Half of the world’s population could face severe food shortages by the end of the century as rising temperatures take their toll on farmers’ crops, scientists have warned.
Harvests of staple food crops such as rice and maize could fall by between 20 percent and 40 percent as a result of higher temperatures during the growing season in the tropics and subtropics. Warmer weather in the region is also expected to increase the risk of drought, cutting crop losses further, a new study shows.
The worst of the food shortages are expected to hit the poor, densely inhabited regions of the equatorial belt, where demand for food is already soaring because of a rapid growth in population.
A study in the US journal Science found there was a 90 percent chance that by the end of the century, the coolest temperatures in the tropics during the crop growing season would exceed the hottest temperatures recorded between 1900 and 2006.
More temperate regions such as Europe could expect to see previous record temperatures become the norm by 2100.
“The stress on global food production from temperatures alone is going to be huge, and that doesn’t take into account water supplies stressed by the higher temperatures,” said David Battisti, at the University of Washington, who led the study.
Battisti and Rosamond Naylor, at Stanford University in California, combined climate models from the Intergovernmental Panel on Climate Change (IPCC) and historical examples of the impact of heatwaves on agriculture, and found severe food shortages were likely to become more common.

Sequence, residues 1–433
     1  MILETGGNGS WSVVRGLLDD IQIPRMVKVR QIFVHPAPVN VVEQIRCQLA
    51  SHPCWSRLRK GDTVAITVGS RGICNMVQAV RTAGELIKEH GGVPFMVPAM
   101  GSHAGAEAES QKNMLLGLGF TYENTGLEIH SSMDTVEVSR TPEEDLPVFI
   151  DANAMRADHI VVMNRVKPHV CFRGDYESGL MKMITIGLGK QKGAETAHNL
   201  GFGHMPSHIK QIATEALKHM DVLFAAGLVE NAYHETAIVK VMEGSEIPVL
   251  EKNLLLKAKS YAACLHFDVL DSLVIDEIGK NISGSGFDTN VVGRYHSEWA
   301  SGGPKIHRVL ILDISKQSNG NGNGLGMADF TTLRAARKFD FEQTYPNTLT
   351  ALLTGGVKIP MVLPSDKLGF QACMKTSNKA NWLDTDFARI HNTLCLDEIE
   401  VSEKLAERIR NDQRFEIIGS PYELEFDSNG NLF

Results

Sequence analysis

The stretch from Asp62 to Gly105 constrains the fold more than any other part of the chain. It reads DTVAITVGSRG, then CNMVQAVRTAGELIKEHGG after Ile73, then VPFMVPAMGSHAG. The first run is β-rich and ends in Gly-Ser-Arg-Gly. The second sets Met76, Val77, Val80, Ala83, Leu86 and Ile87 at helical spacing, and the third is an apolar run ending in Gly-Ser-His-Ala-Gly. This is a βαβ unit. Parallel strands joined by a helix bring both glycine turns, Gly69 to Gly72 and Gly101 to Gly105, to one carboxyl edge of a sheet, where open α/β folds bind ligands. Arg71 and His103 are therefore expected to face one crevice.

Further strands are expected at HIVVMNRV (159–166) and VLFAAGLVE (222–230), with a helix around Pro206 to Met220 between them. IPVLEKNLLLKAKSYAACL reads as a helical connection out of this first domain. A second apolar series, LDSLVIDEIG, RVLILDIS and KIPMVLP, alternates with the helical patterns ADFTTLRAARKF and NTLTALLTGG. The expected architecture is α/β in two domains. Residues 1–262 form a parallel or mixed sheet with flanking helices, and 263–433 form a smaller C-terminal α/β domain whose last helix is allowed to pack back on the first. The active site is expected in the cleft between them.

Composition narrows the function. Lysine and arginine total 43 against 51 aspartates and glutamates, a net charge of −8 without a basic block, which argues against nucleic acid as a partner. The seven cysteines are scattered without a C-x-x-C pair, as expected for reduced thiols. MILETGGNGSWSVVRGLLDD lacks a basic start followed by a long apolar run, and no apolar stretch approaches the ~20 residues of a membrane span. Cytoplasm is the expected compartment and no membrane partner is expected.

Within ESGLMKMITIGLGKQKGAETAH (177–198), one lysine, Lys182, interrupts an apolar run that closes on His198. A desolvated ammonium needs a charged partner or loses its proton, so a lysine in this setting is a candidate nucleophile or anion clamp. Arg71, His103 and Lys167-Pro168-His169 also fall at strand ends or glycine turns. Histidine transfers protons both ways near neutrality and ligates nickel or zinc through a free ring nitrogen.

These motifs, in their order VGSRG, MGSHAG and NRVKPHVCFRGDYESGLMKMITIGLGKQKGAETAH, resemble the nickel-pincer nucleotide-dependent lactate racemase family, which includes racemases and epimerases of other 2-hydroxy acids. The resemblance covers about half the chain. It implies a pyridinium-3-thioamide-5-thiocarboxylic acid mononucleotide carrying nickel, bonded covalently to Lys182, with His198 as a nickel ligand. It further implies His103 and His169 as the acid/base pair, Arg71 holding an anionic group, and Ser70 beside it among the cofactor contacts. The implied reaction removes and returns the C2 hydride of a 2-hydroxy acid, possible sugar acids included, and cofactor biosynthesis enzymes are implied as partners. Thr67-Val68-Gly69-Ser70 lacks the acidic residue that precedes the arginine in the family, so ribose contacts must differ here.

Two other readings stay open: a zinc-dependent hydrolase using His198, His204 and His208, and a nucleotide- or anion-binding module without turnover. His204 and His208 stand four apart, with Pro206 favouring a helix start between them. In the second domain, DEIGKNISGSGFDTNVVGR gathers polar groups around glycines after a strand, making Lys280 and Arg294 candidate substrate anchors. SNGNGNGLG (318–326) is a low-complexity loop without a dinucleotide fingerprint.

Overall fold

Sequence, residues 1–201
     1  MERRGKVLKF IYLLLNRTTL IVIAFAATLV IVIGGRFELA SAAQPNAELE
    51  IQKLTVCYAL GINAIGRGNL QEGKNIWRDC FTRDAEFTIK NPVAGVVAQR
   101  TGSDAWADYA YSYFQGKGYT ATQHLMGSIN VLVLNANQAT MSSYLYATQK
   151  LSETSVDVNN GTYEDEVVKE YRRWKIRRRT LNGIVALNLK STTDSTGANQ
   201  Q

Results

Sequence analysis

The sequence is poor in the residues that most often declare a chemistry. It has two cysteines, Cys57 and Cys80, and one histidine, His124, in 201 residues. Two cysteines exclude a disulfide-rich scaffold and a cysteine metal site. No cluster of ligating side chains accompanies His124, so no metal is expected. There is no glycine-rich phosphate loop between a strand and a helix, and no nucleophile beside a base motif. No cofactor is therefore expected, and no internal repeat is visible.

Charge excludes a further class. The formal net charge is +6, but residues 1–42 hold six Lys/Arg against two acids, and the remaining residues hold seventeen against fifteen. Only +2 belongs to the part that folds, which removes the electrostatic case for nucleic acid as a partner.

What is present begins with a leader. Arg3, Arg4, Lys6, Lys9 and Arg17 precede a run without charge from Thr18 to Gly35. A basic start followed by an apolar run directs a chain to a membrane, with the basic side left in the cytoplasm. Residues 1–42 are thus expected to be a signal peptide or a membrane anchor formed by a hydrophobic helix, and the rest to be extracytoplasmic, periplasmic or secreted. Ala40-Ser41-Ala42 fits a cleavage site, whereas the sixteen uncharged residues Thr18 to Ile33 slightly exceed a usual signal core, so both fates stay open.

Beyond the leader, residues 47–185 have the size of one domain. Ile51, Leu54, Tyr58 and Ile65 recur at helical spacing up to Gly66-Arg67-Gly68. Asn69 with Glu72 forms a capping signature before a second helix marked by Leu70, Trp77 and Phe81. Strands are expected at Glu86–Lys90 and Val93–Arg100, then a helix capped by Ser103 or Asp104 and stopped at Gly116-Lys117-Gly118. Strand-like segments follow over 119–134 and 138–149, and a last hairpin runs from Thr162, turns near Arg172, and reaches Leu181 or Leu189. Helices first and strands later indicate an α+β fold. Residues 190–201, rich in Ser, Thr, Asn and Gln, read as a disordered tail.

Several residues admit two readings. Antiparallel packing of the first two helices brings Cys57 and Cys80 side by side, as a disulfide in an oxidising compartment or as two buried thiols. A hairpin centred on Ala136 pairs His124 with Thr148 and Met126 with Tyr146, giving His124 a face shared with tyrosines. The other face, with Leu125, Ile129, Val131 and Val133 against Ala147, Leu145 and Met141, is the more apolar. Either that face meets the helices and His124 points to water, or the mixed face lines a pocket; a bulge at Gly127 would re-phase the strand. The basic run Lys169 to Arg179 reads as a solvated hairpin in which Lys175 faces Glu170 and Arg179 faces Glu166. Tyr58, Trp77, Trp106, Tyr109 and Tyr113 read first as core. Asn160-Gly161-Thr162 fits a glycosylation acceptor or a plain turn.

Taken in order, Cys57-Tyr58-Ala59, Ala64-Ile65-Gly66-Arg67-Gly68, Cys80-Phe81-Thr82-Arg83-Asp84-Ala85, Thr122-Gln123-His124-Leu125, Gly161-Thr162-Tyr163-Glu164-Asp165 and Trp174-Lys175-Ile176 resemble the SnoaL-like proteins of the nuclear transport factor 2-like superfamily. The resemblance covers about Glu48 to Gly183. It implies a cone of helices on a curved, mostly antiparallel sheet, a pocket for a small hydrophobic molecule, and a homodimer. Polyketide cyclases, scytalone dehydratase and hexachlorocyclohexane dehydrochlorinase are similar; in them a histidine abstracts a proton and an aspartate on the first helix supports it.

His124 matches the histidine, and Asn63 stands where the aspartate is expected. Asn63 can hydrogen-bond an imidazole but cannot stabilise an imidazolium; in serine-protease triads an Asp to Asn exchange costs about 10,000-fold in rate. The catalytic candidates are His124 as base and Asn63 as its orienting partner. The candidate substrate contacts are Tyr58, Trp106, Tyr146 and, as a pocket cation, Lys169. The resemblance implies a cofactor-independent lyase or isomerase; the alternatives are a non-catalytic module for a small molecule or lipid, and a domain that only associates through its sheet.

Naylor, who is director of food security and the environment at Stanford, said the study emphasized the need for countries to invest in adapting to a changing climate. To develop new crops to withstand higher temperatures could take decades, she added.
The tropics and subtropics, which stretch from the southern US to northern Argentina and southern Brazil, from northern India and southern China to southern Australia, and cover all of Africa, are currently home to 3 billion people. Future temperature rises are expected to have a greater impact in the tropics because crops grown there are less resilient to changes in climate.
“When all the signs point in the same direction, and in this case it’s a bad direction, you pretty much know what’s going to happen,” Battisti said.
“You’re talking about hundreds of millions of additional people looking for food because they won’t be able to find it where they find it now,” he said. “You can let it happen and painfully adapt, or you can plan for it. You could also mitigate [climate change] and not let it happen in the first place, but we’re not doing a very good job of that.”